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"Within Heritage Quay awaits the most incredible resource that deserves to belong at the very heart of British music"

James Turnbull details his recent visit to Heritage Quay and encourages others to do the same
Foyer of Heritage Quay

In this day and age, access to libraries and manuscripts across the world is getting easier and easier. It is so easy as a performer or researcher to take this for granted. My experience of the British Music Collection began a few years ago when it was referred to as the British Music Information Centre. In my student days I was in touch with the Park Lane Group who suggested it as the first place I should check to discover oboe works that I might not necessarily have heard of. As part of the incredible work that Sound and Music undertakes to promote contemporary music in Britain, I remember discovering the New Voices strand and with it the incredible music of Tansy Davies, who I went on to record as part of my first recital disc back in 2010. This discovery, however, was a mere drop in the ocean compared to what I discovered when I recently travelled to Huddersfield University’s Heritage Quay, to see the British Music Collection first-hand.  

Tansy Davies: neon

A significant amount of effort has gone into creating a website and dataset that helps reflect the incredible depth of the British Music Collection. I found before arriving that I already had a pretty decent idea of the works I might expect to see, in the boxes of music I was researching. Despite the excellent cataloguing on the BMC website, I did however find a surprising number of works that I had not expected to find. In my case, I was pursuing long lost oboe repertoire. Across three boxes of music, I worked through 266 scores and found myself discovering a new gem every 5-10 minutes that I had previously been completely unaware of.

The facilities at Heritage Quay are first rate and this brand new facility is one that is fitting for such an incredible resource. The reach and reputation of Huddersfield Contemporary Music Festival has already made the town a major centre for contemporary music in the world. I would argue that this new housing for the British Music Collection provides two very good reasons for those engaged with new music to head over to Huddersfield as a matter of top priority.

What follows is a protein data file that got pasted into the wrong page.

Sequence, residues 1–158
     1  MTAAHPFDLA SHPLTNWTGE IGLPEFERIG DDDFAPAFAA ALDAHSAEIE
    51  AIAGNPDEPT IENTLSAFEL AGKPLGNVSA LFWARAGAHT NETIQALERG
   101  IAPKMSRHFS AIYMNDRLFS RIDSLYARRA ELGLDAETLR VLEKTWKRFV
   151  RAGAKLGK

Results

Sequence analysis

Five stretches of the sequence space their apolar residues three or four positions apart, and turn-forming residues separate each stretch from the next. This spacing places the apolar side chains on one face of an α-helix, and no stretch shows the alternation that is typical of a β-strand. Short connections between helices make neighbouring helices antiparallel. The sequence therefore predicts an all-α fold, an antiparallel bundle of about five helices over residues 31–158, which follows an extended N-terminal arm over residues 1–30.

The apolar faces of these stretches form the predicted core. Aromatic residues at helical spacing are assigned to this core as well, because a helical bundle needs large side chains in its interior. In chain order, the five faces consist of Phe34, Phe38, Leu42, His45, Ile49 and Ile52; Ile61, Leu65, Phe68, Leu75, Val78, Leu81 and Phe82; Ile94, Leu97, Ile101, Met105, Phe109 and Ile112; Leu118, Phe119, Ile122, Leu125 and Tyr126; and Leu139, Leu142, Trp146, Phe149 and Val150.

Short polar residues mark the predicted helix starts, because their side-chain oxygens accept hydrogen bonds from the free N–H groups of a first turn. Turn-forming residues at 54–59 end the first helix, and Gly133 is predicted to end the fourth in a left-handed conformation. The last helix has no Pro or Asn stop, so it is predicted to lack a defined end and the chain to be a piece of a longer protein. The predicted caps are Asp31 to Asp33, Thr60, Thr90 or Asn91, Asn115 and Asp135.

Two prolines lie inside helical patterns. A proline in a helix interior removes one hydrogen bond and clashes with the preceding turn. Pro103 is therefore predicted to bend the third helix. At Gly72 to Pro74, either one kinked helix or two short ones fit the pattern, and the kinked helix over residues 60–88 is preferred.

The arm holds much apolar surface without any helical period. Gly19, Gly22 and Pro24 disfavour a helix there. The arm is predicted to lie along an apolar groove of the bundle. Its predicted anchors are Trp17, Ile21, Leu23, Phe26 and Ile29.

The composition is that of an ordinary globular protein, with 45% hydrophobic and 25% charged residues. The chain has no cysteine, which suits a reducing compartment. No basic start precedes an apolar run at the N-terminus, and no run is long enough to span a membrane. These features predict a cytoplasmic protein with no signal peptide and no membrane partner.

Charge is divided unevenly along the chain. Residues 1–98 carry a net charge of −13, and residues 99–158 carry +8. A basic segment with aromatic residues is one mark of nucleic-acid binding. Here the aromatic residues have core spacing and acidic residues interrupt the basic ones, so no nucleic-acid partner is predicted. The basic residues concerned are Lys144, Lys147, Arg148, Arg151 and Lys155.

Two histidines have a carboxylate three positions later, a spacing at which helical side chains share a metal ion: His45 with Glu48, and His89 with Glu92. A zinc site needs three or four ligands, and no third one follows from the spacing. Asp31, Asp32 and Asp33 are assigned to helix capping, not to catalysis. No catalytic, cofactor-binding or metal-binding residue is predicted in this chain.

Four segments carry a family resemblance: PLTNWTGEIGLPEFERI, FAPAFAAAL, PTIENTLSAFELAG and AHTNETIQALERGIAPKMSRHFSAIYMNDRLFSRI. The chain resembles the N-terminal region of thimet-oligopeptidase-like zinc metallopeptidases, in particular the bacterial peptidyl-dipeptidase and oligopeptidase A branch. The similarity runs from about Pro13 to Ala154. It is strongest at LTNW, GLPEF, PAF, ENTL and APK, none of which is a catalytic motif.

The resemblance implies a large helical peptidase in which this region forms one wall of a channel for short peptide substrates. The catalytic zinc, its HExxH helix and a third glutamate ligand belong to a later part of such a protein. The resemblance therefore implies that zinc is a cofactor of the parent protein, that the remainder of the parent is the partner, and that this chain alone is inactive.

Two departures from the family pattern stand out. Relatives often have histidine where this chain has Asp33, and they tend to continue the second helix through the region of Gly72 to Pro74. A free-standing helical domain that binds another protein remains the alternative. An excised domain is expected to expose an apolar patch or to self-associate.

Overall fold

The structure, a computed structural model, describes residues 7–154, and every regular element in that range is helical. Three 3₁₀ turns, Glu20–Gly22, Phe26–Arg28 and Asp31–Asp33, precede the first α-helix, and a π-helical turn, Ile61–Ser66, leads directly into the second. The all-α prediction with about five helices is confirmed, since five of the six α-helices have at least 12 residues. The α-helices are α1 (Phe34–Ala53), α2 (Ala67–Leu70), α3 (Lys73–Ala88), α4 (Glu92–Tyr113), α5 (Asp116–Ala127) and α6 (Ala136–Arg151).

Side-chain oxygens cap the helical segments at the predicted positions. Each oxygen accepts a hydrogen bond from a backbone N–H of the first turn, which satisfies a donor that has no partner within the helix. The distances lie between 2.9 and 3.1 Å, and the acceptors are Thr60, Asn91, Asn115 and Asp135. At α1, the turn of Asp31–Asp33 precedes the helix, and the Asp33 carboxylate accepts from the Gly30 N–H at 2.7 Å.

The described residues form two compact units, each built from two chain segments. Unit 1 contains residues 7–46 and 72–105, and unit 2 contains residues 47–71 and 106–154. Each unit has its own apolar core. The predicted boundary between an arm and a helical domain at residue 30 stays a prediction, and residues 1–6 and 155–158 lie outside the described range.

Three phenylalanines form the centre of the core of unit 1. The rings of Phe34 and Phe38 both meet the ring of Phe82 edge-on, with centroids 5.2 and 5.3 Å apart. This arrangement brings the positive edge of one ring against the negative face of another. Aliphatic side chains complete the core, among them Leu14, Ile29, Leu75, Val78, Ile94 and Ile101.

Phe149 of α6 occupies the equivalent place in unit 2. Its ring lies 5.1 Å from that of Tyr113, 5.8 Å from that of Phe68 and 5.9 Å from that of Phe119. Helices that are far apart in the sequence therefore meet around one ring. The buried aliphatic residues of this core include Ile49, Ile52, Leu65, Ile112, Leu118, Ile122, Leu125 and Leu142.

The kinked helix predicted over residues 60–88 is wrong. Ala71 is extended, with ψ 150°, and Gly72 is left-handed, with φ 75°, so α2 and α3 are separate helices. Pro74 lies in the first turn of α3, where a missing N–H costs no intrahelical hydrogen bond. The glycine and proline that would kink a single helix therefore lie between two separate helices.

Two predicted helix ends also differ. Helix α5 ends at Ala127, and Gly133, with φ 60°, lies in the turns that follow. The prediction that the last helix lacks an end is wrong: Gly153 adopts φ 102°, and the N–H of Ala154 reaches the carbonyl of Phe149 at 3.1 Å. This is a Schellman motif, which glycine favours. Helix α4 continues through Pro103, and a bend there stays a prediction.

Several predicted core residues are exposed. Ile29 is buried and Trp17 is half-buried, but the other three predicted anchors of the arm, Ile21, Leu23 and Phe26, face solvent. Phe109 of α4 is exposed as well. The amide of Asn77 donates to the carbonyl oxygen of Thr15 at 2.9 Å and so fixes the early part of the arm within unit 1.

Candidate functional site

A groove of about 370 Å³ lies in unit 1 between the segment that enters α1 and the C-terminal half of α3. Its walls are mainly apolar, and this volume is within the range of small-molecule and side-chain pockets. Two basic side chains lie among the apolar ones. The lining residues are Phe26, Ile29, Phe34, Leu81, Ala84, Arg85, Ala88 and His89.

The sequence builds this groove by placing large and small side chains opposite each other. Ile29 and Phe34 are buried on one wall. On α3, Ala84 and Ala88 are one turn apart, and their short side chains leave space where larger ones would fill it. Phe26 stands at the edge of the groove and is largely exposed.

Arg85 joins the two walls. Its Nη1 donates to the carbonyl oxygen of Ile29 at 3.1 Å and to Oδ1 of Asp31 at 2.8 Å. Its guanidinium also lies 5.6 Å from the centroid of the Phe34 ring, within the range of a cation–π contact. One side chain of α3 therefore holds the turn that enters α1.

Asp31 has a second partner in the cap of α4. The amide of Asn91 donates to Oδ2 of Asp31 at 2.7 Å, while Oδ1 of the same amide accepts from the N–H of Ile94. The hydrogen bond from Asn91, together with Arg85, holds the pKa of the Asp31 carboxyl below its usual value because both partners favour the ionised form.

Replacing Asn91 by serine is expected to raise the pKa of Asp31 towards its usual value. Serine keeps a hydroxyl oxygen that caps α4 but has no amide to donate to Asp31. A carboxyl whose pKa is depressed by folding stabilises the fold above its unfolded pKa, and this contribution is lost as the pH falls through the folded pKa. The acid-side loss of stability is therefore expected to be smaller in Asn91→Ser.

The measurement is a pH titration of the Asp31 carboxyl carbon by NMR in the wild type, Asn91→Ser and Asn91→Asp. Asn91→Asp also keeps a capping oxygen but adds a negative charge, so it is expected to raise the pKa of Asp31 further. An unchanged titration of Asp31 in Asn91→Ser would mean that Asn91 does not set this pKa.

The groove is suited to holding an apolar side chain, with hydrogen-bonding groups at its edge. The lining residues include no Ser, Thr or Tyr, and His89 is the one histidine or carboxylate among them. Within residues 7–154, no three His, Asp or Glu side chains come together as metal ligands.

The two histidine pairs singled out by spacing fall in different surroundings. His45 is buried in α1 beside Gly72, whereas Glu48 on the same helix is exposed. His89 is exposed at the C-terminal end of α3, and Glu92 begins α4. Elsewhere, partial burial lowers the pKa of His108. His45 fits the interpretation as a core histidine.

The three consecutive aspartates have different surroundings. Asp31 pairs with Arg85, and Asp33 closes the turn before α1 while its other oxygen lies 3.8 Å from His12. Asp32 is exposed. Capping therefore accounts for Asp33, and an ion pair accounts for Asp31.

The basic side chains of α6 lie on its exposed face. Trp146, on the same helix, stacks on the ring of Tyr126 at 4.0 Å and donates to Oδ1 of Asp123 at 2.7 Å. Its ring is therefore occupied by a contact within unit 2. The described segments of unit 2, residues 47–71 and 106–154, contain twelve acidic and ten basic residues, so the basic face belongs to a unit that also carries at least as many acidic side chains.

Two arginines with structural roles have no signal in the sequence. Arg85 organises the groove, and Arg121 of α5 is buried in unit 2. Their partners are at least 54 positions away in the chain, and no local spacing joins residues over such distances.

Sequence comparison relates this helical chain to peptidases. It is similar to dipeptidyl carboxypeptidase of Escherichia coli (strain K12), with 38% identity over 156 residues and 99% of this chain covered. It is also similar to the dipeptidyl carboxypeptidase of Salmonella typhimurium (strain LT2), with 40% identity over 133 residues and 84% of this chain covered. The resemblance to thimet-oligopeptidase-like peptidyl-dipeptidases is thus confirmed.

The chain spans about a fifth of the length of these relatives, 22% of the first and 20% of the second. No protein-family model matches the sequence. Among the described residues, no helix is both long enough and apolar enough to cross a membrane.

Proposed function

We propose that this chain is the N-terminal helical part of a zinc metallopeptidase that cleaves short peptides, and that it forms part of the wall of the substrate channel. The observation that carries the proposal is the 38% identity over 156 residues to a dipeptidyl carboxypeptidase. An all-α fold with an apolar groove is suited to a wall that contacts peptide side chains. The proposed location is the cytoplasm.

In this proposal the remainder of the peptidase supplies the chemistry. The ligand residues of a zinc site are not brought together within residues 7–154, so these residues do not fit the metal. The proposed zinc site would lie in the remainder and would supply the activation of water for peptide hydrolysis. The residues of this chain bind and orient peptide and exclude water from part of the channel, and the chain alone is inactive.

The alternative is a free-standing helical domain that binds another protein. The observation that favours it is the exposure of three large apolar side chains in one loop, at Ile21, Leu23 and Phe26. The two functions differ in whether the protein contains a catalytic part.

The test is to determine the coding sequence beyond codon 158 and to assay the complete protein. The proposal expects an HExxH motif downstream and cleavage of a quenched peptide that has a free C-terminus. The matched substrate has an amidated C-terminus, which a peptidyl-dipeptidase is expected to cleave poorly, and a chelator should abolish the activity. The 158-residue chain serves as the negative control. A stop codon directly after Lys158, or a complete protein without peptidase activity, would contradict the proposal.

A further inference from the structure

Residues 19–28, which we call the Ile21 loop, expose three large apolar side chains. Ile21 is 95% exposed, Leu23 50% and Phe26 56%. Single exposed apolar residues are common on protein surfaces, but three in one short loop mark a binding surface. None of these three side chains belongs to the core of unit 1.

The staff at Heritage Quay are kind, helpful and their depth of knowledge is second to none. For those interested in visiting the Collection, I would encourage you to make contact with the staff at Heritage Quay before visiting, as they can then make sure all of the various resources are in place for your arrival. What awaits visitors is a unique collection of British Music, one that I hope will continue to expand exponentially in the coming years, as this new home for it becomes more and more established. We must encourage composers and publishers to make it a top priority to add more works to the collection so that it continues to thrive, and can keep its place as a crucial resource for musicians long into the 21st century.

My personal experience of oboe repertoire has left me feeling that so much incredible music is composed and performed, but often then sometimes slips out of the performance cycle - when it deserves to be heard far more regularly. My hope is that any performer reading this article will make visiting the British Music Collection a top priority. Within Heritage Quay awaits the most incredible resource that deserves to belong at the very heart of British music. Make the pilgrimage to Huddersfield now and help bring some of this fantastic music to new audiences. It will be one of the most rewarding experiences for you, and the cultural landscape of this country will be far better for it!

ABOUT JAMES TURNBULL

Described by The Independent as “a worthy champion” of contemporary oboe music, James has dedicated much of his performing life to promoting and extending the oboe repertoire. James has performed frequently throughout the UK and Europe including a solo recital at the Wigmore Hall in 2010. He has broadcast live on BBC Radio 3 and appeared as a soloist  in numerous UK festivals including Oxford, Leicester, Cambridge, Thaxted, Ryedale, Machynlleth, Swaledale and, King’s Lynn. James has released solo recordings for Champs Hill Records, Quartz Music and the ABRSM as well as featuring on a disc of Thea Musgrave’s works for Harmonia Mundi USA. Gramophone Magazine described his debut recital disc, Fierce Tears, as a “notable debut” and it was selected as the Editor’s Choice Recording by Classical Music Magazine.

James is deeply committed to expanding the oboe repertoire. He worked closely with Michael Berkeley, John Casken, Jonathan Dove, John Woolrich, Thea Musgrave and Tansy Davies on their compositions for oboe. Composers including Patrick Hawes, Thomas Hewitt Jones and Norbert Froehlich have also written for him. James has a keen interest in researching lost repertoire and bringing to new audiences works which have been rarely performed. In 2011 he worked closely with Christopher Hogwood on preparation for a new edition of Thomas Attwood Walmisley’s Sonatinas for oboe and piano.

In 2015, James started the New Oboe Music Project which aims to promote existing new music for the oboe and encourage more composers to write for the instrument. More about this can be found at www.newoboemusic.org



 

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